|Copilot Chat Improves Confidence and Enjoyment|
|Written by Sue Gee|
|Wednesday, 11 October 2023|
GitHub has released findings about Copilot Chat's impact on authoring and reviewing code. It reveals that the quality of code authored and reviewed with help from Copilot Chat was higher than without, solidifying GitHub’s vision that embedding AI in the development workflows provides a better developer experience.
GitHub Copilot Chat was announced at Microsoft Build in May 2023 as part of Copilot X which will ring with it other AI-assisted features such as help with pull requests and automated test generation.
Copilot Chat, currently in beta, answers exclusively coding-related questions that you ask, by typing or voice, in natural language and returns them within the Visual Studio or Visual Code IDE, saving you from searching Google or Stack Overfow. While in beta, Copilot Chat is available free to those with a subscription to Copilot, something that costs $10 USD per month/ $100 USD per year to individuals or $19 USD per user per month.
As we reported at the time in GitHub Copilot Provides Productivity Boost, last year, following a survey of more than 2,000 developers, 88% of respondents reported they were more productive with Copilot than without it and an empirical study involving 95 developers assigned to two groups to complete a task with and without Copilot, revealed those using it were able to complete a task 55% faster.
Now another empirical study has looked at the impact of Copilot Chat on code quality and Mario Rodriguez has presented its results on the Github blog.
Github recruited 36 participants with between five and 10 years of software development experience and with some experience using Copilot but no experience of Copilot Chat. The participants were randomly assigned to either use Copilot Chat or not and before using it were shown a brief video on its functionality.
All participants were asked to author API endpoints for an HTTP service that creates, reads, and deletes objects, making one pull request for their work on the create API endpoint, and another for the read and delete portion. Next developers were assigned the two pull requests that another participant in the study authored without knowing whether it was authored with or without Copilot. Finally the participants that originally authored the code reviewed the comments on their pull requests to decide which were helpful in improving the quality of the code and how actionable the comments were. Again, these participants were blind to which pull had been reviewed with Copilot Chat and which hadn't.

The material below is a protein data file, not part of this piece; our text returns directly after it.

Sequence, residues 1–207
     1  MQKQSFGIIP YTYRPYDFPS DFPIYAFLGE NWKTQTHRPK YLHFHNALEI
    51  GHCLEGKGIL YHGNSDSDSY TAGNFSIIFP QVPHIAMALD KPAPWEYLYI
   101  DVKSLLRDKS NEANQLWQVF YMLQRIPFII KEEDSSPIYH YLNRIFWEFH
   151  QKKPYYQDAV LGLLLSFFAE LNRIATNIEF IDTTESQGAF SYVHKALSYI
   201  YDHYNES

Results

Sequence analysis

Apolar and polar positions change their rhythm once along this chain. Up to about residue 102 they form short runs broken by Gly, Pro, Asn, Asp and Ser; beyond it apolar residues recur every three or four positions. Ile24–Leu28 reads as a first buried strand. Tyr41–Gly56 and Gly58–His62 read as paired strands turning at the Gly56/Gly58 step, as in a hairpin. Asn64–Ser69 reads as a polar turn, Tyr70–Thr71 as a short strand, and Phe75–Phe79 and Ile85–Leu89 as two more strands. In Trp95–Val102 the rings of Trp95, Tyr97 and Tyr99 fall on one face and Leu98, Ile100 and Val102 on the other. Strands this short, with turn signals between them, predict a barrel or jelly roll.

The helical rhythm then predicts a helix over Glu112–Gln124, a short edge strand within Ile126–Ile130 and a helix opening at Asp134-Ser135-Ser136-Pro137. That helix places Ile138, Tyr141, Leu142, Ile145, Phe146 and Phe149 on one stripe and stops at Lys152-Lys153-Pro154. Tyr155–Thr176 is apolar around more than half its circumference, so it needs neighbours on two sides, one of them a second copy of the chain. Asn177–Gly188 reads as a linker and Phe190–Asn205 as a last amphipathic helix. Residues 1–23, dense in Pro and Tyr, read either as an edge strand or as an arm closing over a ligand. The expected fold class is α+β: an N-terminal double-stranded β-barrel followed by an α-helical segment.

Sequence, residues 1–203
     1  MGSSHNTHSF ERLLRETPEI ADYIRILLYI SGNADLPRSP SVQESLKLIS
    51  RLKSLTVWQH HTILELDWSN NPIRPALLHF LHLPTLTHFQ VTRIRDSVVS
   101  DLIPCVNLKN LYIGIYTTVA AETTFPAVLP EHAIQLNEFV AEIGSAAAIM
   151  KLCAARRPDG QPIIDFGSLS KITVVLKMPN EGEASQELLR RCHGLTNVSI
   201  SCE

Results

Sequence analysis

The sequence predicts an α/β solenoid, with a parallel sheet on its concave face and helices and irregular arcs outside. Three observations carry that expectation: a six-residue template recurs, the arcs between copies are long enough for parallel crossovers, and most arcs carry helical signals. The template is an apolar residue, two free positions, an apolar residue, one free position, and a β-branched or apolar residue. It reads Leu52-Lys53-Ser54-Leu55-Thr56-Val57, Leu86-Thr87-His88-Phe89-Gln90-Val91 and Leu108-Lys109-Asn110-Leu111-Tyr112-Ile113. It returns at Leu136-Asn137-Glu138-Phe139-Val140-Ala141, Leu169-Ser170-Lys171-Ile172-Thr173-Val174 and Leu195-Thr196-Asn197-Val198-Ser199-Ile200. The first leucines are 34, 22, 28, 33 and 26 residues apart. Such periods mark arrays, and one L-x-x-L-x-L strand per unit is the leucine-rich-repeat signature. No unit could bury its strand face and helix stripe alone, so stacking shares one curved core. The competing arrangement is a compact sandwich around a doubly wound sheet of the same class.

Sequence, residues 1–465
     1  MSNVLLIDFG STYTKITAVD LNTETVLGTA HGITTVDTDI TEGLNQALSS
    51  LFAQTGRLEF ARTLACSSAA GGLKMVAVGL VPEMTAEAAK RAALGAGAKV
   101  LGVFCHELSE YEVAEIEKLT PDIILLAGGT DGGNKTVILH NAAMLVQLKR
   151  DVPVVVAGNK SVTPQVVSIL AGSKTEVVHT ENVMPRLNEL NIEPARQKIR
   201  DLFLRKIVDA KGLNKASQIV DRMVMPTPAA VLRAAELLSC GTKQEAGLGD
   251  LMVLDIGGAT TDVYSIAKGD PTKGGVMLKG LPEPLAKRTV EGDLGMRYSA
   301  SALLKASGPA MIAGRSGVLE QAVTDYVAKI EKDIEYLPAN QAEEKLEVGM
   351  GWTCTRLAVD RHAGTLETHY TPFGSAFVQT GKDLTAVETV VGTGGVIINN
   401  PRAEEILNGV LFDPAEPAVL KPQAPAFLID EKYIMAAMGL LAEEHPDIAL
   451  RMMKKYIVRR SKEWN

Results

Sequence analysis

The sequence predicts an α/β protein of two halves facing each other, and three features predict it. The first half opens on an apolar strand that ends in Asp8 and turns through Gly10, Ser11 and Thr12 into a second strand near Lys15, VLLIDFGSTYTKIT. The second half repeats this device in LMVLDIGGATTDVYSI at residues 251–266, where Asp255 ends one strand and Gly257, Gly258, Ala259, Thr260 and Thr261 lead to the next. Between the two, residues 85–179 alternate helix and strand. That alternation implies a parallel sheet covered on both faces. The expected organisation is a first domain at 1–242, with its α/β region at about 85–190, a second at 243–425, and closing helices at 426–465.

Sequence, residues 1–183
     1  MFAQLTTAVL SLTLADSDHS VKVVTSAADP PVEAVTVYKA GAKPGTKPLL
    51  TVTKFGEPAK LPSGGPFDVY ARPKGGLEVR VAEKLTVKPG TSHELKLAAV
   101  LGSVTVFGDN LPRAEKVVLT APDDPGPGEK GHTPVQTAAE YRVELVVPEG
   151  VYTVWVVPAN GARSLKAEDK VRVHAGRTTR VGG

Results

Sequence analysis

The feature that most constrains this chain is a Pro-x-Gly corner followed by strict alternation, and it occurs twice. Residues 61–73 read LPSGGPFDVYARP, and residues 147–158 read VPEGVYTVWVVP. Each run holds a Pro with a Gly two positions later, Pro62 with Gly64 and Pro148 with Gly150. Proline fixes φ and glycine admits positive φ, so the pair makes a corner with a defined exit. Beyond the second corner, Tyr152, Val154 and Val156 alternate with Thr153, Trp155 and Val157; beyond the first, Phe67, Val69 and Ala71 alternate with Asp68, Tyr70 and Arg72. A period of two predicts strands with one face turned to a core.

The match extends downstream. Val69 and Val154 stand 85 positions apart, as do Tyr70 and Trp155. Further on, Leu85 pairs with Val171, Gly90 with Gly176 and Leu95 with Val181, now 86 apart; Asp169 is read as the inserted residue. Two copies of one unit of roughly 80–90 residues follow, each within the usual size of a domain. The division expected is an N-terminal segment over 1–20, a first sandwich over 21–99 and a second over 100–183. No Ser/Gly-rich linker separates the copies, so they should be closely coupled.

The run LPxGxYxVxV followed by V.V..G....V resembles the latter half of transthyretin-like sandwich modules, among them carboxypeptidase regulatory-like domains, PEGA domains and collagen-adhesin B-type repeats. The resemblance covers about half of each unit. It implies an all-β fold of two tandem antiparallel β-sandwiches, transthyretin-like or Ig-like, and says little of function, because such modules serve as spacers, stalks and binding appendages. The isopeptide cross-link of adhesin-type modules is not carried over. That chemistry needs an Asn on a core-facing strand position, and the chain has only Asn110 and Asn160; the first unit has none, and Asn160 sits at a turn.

Participant rated the process of conducting the review with or without GitHub Copilot Chat. In addition they rated the code in terms of being error free and the code quality terms of five metrics readable, reusable, concise, maintainable and resilient. They also rated the comments in terms of being actionable:
In each case there is a clear advantage in using Copilot Chat.
The chart below shows an overwhelming positive response to using Copilot Chat. Remembering that the survey had only 36 participants and they either used Copilot Chat or did not use it, I guess that the shortest bar corresponds to 1 person and that there was a single individual who strongly disagreed about being less frustrated/more focused/enjoying coding and being more confident.
Putting together agree and strongly agree almost 88% of those using Copilot Chat spent less time on repetitive tasks and less time searching which made them less frustrated and more focused or more able to maintain flow state as report by GitHub in its key takeaways:
Comparing the results with the previous study of the impact of Copilot as a pair programmer, the satisfaction rate of 88% is maintained while there isn't as dramatic a speed increase.
As Rodriguez comments:
But working fast is just one part of the picture—in many cases, there has traditionally been a tradeoff between doing something quickly and doing something right. As artificial intelligence continues to write code for an increasing number of developers, ensuring good code quality is even more important.
And this study shows that using Copilot Chat in authoring and reviewing code does indeed improve code quality. In terms of developer experience it improves developer confidence and enhances their enjoyment. A win-win scenario.
Overall this serves as a good example of generative AI assisting developers in a manner that enhances their experience and doesn't threaten to takeover their roles.
or email your comment to: firstname.lastname@example.org
|Last Updated ( Wednesday, 11 October 2023 )|